Copenhagen, Danish, København, Hafnia) is the capital and most populous city of Denmark. Copenhagen has an population of 1,280,371. The Copenhagen metropolitan area has just over 2 million inhabitants, the city is situated on the eastern coast of the island of Zealand, another small portion of the city is located on Amager, and is separated from Malmö, Sweden, by the strait of Øresund. The Øresund Bridge connects the two cities by rail and road, originally a Viking fishing village founded in the 10th century, Copenhagen became the capital of Denmark in the early 15th century. Beginning in the 17th century it consolidated its position as a centre of power with its institutions, defences. After suffering from the effects of plague and fire in the 18th century and this included construction of the prestigious district of Frederiksstaden and founding of such cultural institutions as the Royal Theatre and the Royal Academy of Fine Arts. Later, following the Second World War, the Finger Plan fostered the development of housing, since the turn of the 21st century, Copenhagen has seen strong urban and cultural development, facilitated by investment in its institutions and infrastructure.
The city is the cultural and governmental centre of Denmark, Copenhagens economy has seen rapid developments in the service sector, especially through initiatives in information technology and clean technology. Since the completion of the Øresund Bridge, Copenhagen has become integrated with the Swedish province of Scania and its largest city, Malmö. With a number of connecting the various districts, the cityscape is characterized by parks, promenades. Copenhagen is home to the University of Copenhagen, the Technical University of Denmark, the University of Copenhagen, founded in 1479, is the oldest university in Denmark. Copenhagen is home to the FC København and Brøndby football clubs, the annual Copenhagen Marathon was established in 1980. Copenhagen is one of the most bicycle-friendly cities in the world, the Copenhagen Metro serves central Copenhagen while the Copenhagen S-train network connects central Copenhagen to its outlying boroughs. Serving roughly 2 million passengers a month, Copenhagen Airport, Kastrup, is the largest airport in the Nordic countries, the name of the city reflects its origin as a harbour and a place of commerce.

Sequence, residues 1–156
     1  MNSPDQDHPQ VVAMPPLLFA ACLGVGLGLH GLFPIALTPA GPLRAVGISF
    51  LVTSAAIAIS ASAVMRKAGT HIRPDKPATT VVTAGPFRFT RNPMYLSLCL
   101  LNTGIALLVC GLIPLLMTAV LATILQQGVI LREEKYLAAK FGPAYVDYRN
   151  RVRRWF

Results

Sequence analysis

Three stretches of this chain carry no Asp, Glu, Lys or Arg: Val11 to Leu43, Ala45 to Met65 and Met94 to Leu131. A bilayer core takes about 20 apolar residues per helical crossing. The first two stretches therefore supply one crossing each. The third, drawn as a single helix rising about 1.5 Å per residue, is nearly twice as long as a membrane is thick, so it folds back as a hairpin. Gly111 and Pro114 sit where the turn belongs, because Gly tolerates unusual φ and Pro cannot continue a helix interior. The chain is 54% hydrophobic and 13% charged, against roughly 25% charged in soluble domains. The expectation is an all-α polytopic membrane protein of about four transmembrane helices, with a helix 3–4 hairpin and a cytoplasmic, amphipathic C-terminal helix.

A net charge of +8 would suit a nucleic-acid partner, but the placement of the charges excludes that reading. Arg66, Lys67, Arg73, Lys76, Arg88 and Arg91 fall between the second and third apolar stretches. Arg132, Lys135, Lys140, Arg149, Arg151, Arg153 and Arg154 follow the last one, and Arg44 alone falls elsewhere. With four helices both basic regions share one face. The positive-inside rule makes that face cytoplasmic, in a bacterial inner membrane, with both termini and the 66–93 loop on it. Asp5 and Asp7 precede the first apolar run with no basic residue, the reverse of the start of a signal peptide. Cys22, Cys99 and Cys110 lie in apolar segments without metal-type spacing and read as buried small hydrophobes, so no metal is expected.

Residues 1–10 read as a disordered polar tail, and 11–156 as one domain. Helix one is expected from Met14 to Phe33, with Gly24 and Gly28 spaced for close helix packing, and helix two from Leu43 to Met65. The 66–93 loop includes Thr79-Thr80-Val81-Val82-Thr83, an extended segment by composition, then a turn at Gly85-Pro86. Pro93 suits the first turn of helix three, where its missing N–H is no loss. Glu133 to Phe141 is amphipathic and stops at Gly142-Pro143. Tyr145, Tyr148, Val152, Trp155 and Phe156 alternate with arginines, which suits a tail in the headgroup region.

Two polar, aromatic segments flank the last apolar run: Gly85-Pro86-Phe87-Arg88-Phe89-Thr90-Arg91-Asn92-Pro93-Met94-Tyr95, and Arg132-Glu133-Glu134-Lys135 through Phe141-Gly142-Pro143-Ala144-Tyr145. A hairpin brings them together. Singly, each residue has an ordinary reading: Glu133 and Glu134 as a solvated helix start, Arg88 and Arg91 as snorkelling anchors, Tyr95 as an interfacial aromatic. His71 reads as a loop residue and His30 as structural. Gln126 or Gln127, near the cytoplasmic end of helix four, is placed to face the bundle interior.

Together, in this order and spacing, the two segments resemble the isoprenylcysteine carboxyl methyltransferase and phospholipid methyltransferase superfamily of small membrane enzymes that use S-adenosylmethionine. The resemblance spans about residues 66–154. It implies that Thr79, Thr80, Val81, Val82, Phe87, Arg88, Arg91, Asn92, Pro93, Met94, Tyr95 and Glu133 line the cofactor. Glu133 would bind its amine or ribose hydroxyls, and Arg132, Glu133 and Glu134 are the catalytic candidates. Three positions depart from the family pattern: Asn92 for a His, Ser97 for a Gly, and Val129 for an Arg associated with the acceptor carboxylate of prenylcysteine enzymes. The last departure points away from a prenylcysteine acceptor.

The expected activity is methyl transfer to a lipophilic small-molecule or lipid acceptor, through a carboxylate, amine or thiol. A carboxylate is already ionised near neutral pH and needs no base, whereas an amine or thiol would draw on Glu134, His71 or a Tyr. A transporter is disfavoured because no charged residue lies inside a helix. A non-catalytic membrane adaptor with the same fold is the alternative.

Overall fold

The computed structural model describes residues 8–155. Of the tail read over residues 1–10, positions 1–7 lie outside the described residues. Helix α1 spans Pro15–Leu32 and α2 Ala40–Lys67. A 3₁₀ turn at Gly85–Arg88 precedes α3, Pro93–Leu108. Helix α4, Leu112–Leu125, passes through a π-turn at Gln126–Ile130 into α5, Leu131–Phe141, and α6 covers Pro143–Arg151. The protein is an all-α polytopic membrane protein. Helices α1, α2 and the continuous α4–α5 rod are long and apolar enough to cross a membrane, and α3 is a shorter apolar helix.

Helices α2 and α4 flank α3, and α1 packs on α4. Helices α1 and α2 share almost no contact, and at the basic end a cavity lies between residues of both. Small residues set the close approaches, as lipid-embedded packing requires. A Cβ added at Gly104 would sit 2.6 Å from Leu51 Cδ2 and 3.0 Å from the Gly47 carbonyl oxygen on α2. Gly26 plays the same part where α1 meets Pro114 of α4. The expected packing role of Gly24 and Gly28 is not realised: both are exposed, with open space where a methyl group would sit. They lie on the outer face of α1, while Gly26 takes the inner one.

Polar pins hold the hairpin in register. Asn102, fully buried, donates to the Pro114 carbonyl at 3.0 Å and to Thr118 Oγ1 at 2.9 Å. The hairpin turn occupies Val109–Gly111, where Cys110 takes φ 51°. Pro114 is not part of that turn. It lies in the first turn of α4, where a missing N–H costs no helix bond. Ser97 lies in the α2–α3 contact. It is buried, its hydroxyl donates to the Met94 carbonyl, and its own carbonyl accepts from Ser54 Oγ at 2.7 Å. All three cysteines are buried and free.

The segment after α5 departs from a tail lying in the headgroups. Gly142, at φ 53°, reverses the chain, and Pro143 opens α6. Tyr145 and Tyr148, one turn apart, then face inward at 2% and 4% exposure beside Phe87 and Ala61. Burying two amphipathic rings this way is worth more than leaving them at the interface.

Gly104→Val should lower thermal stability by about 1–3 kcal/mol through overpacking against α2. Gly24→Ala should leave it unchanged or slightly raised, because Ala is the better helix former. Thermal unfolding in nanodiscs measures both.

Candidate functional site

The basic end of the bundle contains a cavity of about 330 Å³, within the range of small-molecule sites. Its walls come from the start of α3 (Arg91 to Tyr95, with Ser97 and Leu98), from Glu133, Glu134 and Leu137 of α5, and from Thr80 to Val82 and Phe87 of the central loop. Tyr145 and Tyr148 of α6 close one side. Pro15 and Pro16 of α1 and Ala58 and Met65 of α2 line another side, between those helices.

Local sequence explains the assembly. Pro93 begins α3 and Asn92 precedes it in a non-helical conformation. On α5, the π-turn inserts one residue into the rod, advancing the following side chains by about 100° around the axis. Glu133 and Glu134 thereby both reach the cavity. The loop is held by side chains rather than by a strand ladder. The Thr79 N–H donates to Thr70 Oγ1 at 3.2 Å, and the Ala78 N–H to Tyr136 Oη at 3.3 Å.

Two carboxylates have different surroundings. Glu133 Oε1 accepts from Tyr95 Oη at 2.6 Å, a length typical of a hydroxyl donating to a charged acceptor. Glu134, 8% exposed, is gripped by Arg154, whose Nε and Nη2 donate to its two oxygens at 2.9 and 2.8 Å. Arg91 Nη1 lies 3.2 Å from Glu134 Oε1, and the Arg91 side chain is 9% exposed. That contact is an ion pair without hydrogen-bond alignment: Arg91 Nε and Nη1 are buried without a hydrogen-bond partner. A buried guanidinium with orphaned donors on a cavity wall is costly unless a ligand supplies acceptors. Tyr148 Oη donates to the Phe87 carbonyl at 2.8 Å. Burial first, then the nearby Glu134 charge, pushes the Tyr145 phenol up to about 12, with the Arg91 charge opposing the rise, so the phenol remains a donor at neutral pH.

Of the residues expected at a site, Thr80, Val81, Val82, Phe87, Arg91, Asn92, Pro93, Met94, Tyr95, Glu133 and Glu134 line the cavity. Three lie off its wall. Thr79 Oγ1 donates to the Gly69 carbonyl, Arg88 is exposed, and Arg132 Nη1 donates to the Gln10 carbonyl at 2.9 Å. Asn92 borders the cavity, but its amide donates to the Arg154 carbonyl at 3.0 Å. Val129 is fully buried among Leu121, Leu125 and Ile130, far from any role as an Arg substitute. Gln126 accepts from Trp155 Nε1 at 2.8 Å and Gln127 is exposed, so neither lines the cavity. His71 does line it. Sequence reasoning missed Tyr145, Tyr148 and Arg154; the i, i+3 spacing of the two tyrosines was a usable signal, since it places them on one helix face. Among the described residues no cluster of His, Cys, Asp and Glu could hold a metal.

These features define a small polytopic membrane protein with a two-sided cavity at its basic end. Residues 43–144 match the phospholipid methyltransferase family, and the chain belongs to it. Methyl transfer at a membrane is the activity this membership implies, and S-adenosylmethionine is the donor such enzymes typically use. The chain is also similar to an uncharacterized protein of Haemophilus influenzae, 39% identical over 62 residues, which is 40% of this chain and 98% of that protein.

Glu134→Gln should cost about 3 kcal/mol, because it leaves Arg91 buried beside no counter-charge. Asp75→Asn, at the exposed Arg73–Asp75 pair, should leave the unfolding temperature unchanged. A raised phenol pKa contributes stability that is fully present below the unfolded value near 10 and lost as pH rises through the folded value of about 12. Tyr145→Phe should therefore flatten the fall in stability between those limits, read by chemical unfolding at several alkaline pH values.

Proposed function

The original designation, from which the contemporary Danish name derives, was Køpmannæhafn, meaning merchants harbour, the literal English translation would be Chapmans haven. The English name for the city was adapted from its Low German name, the abbreviations Kbh. or Kbhvn are often used in Danish for København, and kbh. for københavnsk. The chemical element hafnium is named for Copenhagen, where it was discovered, the bacterium Hafnia is named after Copenhagen, Vagn Møller of the State Serum Institute in Copenhagen named it in 1954. Excavations in Pilestræde have led to the discovery of a well from the late 12th century, the remains of an ancient church, with graves dating to the 11th century, have been unearthed near where Strøget meets Rådhuspladsen